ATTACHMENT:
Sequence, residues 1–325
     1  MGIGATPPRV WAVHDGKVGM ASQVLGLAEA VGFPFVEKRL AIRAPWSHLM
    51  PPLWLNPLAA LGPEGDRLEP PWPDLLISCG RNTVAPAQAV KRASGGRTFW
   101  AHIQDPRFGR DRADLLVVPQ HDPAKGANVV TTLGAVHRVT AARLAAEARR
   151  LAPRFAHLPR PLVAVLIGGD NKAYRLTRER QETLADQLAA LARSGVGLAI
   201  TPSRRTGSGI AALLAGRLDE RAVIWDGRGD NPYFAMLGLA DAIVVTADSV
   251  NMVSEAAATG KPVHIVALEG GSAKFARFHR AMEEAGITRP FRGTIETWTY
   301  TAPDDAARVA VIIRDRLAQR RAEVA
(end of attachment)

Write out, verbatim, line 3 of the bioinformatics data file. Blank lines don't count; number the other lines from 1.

    51  PPLWLNPLAA LGPEGDRLEP PWPDLLISCG RNTVAPAQAV KRASGGRTFW